At its core, the discussion is about what defines commercial and ethical banking. In his blog, Milford Bateman suggests that over-indebtedness is intrinsic to the preferred model of commercial microfinance. I agree that with the arrival of new purely commercial investors, there is a risk that profit maximization becomes more important than the mission of MFIs and their social objectives. But Milford Bateman’s view ignores the fact that commercialization has also had positive impacts. In many countries the growth and larger scale which was reached after transformation into a commercial entity, has led to a more diverse product offering and lower rates and as a result a better services to clients. Many countries, including Cambodia and Peru are examples of this development.
What is needed is balanced growth and balanced returns. Efficiency gains and lower cost ratios should be translated not only in higher profits, but also in lower interest rates. This does not mean that we should abandon the commercial model altogether. It does mean that we need to take into account all stakeholders in order to grow the sector sustainably.
Ultimately the microfinance client has to become the key focus again. This is about more than client satisfaction. It involves really understanding the needs of clients and delivering products that cater for these needs. Microfinance has come some way, but there is still too much focus on credit, while what is needed is a broader variety of services (savings, remittances, payments, insurance, etc.). A diversified credit product offering is also needed; enabling MFIs to tailor products to customers’ needs and situations.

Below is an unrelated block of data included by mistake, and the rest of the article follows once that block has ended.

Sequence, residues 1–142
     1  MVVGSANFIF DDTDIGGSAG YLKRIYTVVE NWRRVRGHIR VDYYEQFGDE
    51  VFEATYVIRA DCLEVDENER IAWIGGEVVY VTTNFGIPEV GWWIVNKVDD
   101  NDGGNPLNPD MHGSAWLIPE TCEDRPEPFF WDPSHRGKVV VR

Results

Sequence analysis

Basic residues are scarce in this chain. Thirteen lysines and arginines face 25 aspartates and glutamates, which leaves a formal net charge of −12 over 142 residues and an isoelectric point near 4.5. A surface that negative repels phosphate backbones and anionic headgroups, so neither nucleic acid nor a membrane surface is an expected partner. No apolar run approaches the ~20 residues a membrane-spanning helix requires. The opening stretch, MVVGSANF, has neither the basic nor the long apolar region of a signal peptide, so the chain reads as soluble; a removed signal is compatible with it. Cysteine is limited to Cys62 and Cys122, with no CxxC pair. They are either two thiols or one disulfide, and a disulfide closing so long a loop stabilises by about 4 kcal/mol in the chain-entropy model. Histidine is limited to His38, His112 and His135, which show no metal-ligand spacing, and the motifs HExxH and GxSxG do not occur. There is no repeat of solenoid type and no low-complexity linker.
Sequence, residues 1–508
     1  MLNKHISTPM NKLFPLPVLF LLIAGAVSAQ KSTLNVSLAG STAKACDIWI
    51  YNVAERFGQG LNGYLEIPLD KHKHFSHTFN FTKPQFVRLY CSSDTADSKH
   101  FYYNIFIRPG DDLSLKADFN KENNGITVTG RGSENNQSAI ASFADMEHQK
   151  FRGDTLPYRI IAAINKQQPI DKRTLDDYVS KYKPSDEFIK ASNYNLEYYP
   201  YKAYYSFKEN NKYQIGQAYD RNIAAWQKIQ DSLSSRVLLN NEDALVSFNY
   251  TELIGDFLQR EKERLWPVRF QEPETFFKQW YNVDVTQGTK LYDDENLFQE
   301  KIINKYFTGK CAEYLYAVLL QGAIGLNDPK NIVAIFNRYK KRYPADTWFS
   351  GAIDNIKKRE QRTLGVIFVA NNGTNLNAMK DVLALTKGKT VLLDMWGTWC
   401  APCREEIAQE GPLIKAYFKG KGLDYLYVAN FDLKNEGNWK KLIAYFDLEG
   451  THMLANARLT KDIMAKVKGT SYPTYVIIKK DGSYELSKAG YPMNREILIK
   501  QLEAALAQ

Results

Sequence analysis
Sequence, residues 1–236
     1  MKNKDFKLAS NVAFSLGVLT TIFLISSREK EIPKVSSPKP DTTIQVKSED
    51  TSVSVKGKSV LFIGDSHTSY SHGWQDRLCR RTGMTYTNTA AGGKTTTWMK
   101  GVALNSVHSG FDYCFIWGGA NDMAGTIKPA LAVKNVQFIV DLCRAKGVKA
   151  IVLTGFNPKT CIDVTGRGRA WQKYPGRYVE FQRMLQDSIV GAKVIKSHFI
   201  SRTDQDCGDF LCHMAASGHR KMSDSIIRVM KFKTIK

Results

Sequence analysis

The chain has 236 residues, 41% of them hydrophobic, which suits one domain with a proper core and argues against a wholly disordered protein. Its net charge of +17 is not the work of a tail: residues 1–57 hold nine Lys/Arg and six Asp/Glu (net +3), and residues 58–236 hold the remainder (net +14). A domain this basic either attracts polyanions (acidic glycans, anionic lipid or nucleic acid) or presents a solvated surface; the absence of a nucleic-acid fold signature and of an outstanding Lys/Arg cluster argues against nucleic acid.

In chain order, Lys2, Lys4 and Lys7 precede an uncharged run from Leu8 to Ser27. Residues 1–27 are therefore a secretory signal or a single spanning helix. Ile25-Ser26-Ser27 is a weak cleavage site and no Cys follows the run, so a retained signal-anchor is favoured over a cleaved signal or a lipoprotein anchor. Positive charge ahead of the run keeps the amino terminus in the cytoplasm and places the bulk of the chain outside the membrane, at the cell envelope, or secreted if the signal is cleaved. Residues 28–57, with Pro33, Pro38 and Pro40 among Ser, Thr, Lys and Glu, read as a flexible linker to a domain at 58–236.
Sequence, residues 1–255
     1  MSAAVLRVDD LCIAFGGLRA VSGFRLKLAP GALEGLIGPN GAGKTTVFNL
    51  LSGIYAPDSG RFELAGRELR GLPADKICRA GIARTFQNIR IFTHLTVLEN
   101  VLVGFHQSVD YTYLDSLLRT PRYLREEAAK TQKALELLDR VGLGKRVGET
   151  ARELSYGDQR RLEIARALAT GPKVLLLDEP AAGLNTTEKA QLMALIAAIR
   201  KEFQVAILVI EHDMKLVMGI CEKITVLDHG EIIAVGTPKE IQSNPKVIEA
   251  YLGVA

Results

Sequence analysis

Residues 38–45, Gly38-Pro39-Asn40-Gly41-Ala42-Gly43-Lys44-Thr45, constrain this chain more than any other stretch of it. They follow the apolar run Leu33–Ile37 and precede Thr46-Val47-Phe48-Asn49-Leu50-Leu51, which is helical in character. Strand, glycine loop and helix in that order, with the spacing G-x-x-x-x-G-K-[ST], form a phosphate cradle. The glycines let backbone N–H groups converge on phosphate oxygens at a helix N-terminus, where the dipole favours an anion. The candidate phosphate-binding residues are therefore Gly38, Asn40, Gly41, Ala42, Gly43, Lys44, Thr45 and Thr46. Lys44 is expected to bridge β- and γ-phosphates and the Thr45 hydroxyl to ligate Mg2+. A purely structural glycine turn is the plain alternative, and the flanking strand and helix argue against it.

Over-indebtedness cannot be avoided by any of the parties involved alone. This is an important difference compared to other issues. While MFI’s are often pointing to other players when discussing pricing transparency, each player can improve its performance in this respect independently of other actors in the sector.
An MFI that adopts all best practices on over-indebtedness can still be confronted with the issue, as long as the rest of the sector is not moving in the same direction. Therefore all stakeholders (including investors, regulators, microfinance associations, MFI’s and microfinance clients) should take the necessary steps to protect clients, reduce risks and work towards a sustainable development of the inclusive finance sector.
A very good and refreshing post!
For challenging the over indebtedness issues, we need to go for the approach ‘Prevention is better than approach. In this regard, clarity on the role and responsibilities of the players concerned, assumes importance. While I agree your points, I share some more points pertaining to the subject for further strengthening the means for addressing the overindebedness issue effectively.
1. Ability of borrowers’ to repay- In the absence of cash flow analysis in group lending model, there is a need for the same analysis at individual borrower’s household level by the group leaders/field level officers concerned. This analysis involves assessment of three kind of borrower’s abilities covering a) debt bearing capability taking into account existing number of loans liabilities , b) skill execution capability for income generation from the activity financed c) budget management capability for balancing household expenditure including the given debt obligations and income. However, for income generation from the activity financed, besides skill of the borrower, the potential for the said activity in terms of physical supporting facilities like accessible roads, transport, communication, power, marketing etc., assume vital. MFI/SHG are to be trained for designing their appropriate micro credit product based on the available physical potential of the respective area as it would help assess the extent of market saturation and credit absorption as well of the area concerned . Both these factors also influence the cash flow from the activity undertaken and level of over indebtedness at household level. It is therefore emphasized that factors such as Potential based micro credit product (schemes) in general for matching the absorbability of the area of the MFI/group and capability of the borrowers at individual household level in particular for matching their needs are to be considered during the pre sanctioning credit stage . So to say a micro credit planning is necessary for serving as useful warning index and also monitoring tool for reviewing the progress at borrowers’’ level.